More about the area:

Places to eat and drink in Llanidloes

Barn View Cottages

Snow

About the area

Places to visit and things to do

There are plenty of place for guests to visit, all within easy reach of the cottages. Here are just a few ideas. We have a resource centre situated adjacent to the cottages with maps and information of the surrounding area.

Cycling and Walking:

Download walking maps here: Leaping Stiles

The Llanidloes area is seamed with paths and trails of all descriptions, and finding your way around them has never been easier. Access to European Funding through the Powys County Council administered Community Tourism Capital Grant Scheme has enabled over thirty separate circular and linear routes to benefit from new way-marking, fingerposts, gates and stiles. Linking Llanidloes with the surrounding villages of Llangurig, Llandinam and Trefeglwys, and creating routes ranging from just a few miles to a good day's walk, the network is the ideal way to discover the full glory of the stunning Llanidloes countryside.

Lake Clywedog
Lake Clywedog is one of the most beautiful lakes in Wales, offering stunning scenery and wonderful fishing. Lake Clywedog provides a perfect habitat for wildlife. Buzzards and Red Kite are now a common sight, and recently there have even been occasional sightings of Ospreys. Mallard are attracted to the lake, while Tawney Owls, Pied Flycatchers and a whole host of Tits have established themselves in the woods bordering the shore. In season, a great many butterflies can be seen (hedge brown, meadow brown, small copper, small tortoiseshell, common blue) flitting amongst grass that is studded with wild thyme, yellow tormentil, harebells, violets and clumps of heather. Squirrels are a common sight, and there are polecats, foxes, and the much put upon short tailed vole, which has the unhappy distinction of being the primary source of food for the birds of prey and other carnivors that inhabit the lake shore.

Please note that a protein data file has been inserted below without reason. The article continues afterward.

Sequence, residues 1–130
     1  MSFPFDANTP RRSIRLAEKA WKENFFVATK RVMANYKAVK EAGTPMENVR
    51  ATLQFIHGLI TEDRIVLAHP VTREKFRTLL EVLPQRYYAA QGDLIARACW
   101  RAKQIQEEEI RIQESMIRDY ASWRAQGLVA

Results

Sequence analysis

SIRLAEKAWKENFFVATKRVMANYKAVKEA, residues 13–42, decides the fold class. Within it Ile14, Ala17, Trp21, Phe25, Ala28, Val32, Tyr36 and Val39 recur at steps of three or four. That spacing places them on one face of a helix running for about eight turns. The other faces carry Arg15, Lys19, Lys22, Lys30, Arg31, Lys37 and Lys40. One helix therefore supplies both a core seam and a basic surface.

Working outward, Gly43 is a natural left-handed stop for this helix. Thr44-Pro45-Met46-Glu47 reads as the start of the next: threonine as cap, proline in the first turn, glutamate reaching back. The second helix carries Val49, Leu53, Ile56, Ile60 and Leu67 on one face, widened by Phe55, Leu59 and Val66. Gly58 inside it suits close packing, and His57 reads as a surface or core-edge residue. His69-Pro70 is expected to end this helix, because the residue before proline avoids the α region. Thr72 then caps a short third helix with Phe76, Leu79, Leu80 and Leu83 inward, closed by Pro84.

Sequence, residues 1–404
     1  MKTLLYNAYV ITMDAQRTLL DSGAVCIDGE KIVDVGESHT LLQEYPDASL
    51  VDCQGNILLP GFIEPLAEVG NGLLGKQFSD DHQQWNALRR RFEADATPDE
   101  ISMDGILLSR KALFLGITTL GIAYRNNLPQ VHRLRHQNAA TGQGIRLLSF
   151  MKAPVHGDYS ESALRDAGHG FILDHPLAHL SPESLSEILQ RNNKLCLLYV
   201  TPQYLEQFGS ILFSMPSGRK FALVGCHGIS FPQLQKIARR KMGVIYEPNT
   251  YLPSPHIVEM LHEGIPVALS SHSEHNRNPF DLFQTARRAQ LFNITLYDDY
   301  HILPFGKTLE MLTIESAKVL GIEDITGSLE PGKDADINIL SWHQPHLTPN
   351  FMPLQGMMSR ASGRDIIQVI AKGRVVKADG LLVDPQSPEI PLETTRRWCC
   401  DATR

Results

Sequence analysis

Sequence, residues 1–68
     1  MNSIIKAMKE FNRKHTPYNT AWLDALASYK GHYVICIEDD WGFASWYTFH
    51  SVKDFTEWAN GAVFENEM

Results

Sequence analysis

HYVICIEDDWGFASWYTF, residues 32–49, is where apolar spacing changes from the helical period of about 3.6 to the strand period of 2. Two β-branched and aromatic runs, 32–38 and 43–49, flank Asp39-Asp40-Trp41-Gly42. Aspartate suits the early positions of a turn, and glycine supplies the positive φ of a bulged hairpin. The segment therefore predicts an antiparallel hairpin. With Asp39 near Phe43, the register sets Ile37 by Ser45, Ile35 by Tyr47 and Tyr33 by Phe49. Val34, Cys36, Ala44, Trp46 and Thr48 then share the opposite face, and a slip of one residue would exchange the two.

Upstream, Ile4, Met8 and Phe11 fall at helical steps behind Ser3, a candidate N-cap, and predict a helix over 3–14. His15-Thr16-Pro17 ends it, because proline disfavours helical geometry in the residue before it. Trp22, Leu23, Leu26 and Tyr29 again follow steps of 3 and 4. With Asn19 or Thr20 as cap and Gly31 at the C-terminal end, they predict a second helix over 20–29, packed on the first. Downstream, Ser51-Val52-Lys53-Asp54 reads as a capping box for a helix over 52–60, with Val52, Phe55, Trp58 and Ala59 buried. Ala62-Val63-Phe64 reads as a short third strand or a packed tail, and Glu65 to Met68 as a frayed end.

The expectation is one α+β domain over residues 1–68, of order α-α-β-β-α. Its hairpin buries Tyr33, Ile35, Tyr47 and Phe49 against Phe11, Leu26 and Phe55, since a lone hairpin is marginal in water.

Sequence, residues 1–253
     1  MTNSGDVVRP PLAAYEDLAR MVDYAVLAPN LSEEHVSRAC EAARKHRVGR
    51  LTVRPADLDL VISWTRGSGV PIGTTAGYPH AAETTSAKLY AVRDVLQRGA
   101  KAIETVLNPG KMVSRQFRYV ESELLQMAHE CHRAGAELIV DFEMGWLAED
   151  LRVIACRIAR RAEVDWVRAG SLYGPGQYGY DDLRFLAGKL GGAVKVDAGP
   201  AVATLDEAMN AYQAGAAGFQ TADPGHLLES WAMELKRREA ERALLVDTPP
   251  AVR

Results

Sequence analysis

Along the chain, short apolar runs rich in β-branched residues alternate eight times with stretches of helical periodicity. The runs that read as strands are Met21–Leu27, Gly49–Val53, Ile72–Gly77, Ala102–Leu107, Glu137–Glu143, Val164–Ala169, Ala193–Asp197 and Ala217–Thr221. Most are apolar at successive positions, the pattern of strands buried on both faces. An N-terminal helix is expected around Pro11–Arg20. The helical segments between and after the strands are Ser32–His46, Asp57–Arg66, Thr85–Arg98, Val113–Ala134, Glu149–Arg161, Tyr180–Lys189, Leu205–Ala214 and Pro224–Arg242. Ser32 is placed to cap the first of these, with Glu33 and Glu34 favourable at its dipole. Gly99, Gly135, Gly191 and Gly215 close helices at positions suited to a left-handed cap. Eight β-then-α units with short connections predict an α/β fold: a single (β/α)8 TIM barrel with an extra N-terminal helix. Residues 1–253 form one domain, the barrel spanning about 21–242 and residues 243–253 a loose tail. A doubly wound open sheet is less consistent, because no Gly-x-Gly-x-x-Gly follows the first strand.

The lake is amply stocked with brown and rainbow trout, the management of which and the fishing rights are the preserve of the Llanidloes Angling Society. Sailing on lake is run by the Clywedog Sailing Club. Both organisations hold numerous competitions and regattas throughout the year and visitors are always welcome.

The Lake is owned and operated by Severn Trent Water Limited, who have established a number of walks, such as the Clywedog Gorge Trail around the Bryn Tail Mine workings and the Llyn Clywedog Scenic Trail, while there are a number of viewing points arranged along the circular drive around the lake that allow the visitor to make the most of the wonderful panoramic views. The National Trail of Glyndwr's Way also passes beneath the dam before pursuing a course along the southern shore of the lake, making this one of its most picturesque stages.

At the viewing area situated above the dam, Severn Trent has created the Look Out, an elevated platform sheltered from the elements, from which you can enjoy a panoramic view of the surrounding country. At the Look Out you will also find the Red Kite Kiosk, where (weather permitting) a welcoming cup of tea and a snack is available on Wednesday through to Sunday from May to to September.

Glyndwrs Way
The 135 m/217km Trail is a long distance walk which can be enjoyed as a continuous journey, typically taking around nine days, or over a series of weekend or day trips.  It begins at Knighton on the English border and meanders through the open moorland, rolling farmland, woodland and forest of Mid Wales, through the town of Machynlleth. Along the Trail are some of the finest landscape features in Wales including the tranquil Radnorshire Hills, the shores of the Clywedog Reservoir and heather clad Plynlimon.